Some believe that companies fail to recognize a person’s commitment and desire to work that could make them a good candidate for an offered position, despite lacking credentials. But when do falsehoods become too much?
The state’s minimum wage increased by 80 cents to $10.10 an hour for non-tipped workers, the largest increase in more than a decade and a half. The state’s minimum wage increased about four times between 1969 and 2006.
The western region of New York is faced with an aging, shrinking and undiverse local workforce, and significant structural issues that make attracting and maintaining new workers a challenge. Revitalizing the workforce will be a large undertaking.
A handful of new state labor laws will go into effect on Jan. 1. With the new laws, employers will be required to include salary and wage ranges on job postings, minimum wage will rise and millions will receive greater paid family leave.
After taking a tour of the MBTA’s Repair Facility in Everett, Mass., Maura Healey reinforced the need for future investment, including in vocational schools and programs to create a talent pipeline.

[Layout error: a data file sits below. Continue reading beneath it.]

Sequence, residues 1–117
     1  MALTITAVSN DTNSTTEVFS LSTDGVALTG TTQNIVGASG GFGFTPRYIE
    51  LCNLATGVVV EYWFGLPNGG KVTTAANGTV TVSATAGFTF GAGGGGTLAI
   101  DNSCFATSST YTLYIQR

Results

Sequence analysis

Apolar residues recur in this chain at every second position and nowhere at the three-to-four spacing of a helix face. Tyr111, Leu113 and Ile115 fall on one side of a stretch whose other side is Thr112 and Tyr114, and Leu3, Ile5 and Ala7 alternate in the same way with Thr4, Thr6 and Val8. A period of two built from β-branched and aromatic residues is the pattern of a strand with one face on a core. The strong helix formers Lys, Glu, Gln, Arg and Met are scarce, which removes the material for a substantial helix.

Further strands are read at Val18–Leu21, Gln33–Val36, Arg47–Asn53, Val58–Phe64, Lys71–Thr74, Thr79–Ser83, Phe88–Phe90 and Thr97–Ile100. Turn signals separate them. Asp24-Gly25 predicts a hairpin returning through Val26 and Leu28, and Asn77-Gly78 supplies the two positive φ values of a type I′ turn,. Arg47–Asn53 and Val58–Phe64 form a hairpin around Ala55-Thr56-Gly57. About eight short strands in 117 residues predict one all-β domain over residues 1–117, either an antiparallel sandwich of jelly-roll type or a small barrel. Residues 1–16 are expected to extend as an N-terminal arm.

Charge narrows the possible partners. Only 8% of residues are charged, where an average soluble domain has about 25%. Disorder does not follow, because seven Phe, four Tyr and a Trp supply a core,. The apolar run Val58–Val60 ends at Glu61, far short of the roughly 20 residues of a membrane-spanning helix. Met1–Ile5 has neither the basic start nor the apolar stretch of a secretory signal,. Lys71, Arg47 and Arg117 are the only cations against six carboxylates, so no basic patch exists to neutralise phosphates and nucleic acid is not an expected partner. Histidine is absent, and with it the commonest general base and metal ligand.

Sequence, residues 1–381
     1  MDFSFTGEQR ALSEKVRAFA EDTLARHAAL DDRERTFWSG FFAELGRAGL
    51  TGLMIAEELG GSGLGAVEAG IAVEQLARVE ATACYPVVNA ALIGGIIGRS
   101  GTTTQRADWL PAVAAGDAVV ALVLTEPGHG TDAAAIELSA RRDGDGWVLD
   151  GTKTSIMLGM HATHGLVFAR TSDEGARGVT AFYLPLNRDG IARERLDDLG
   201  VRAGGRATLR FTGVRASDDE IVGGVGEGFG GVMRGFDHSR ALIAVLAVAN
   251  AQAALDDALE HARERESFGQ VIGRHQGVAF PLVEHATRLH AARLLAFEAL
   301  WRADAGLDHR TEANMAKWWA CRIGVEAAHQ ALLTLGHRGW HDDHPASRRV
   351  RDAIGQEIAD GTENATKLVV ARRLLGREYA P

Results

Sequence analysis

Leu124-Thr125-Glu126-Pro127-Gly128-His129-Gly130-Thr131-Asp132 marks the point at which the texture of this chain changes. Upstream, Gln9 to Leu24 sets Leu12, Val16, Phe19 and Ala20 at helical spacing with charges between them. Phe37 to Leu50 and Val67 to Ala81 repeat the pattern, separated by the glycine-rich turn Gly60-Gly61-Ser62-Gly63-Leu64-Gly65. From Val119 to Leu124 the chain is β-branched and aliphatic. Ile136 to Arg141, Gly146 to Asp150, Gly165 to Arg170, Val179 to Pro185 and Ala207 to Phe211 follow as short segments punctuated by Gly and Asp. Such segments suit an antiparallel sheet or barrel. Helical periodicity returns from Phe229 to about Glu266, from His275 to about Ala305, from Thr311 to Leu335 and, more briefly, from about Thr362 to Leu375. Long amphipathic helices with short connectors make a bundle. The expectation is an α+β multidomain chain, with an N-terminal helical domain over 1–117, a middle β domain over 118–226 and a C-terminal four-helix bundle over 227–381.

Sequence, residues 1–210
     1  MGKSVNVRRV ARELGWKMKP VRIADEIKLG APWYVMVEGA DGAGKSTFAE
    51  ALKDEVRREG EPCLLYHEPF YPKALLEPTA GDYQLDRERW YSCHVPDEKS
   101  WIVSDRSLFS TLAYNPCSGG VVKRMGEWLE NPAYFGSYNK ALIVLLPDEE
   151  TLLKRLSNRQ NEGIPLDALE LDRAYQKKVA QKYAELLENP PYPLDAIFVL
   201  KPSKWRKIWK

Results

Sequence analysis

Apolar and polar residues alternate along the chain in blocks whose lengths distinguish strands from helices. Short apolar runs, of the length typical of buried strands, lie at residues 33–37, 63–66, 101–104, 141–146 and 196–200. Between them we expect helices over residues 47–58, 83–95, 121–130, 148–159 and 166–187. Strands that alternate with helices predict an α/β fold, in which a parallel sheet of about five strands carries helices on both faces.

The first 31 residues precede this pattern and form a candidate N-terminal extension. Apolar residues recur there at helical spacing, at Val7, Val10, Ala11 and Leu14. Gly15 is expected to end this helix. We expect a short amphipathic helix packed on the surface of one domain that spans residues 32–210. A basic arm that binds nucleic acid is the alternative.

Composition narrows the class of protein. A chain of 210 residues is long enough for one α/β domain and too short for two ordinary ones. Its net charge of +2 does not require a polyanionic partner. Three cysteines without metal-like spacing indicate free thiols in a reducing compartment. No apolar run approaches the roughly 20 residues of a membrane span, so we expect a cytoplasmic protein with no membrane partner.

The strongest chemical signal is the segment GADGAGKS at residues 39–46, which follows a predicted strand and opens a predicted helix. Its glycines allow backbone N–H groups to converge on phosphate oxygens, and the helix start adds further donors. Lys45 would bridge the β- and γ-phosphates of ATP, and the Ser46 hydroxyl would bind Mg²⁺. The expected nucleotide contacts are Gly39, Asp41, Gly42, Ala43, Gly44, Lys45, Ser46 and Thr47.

The Los Angeles and Long Beach ports move a total of $469 billion worth of freight a year and employ 175,000 workers. But if the industry continues to favor East Coast ports, the impact on Southern California ports could be devastating.
Are community colleges prepared to train the workers a technology-based economy requires? Joseph Fuller of Harvard Business School talks about findings from a multiyear research project that finds they have far to go.
The WorkPlace Inc., and the Northwest Regional Workforce Investment Board have received funding from the EPA to launch environmental careers for students from underserved areas of the state known as brownfields.
A new report from experts at NYU and Harvard law schools outlines the ways state attorneys general can protect communities and workers as the country builds a clean energy economy.
Since 2000, 375 railroad workers have been killed on the job and more than 109,000 have been injured. But last year the National Transportation Safety Board investigated just 14 train incidents.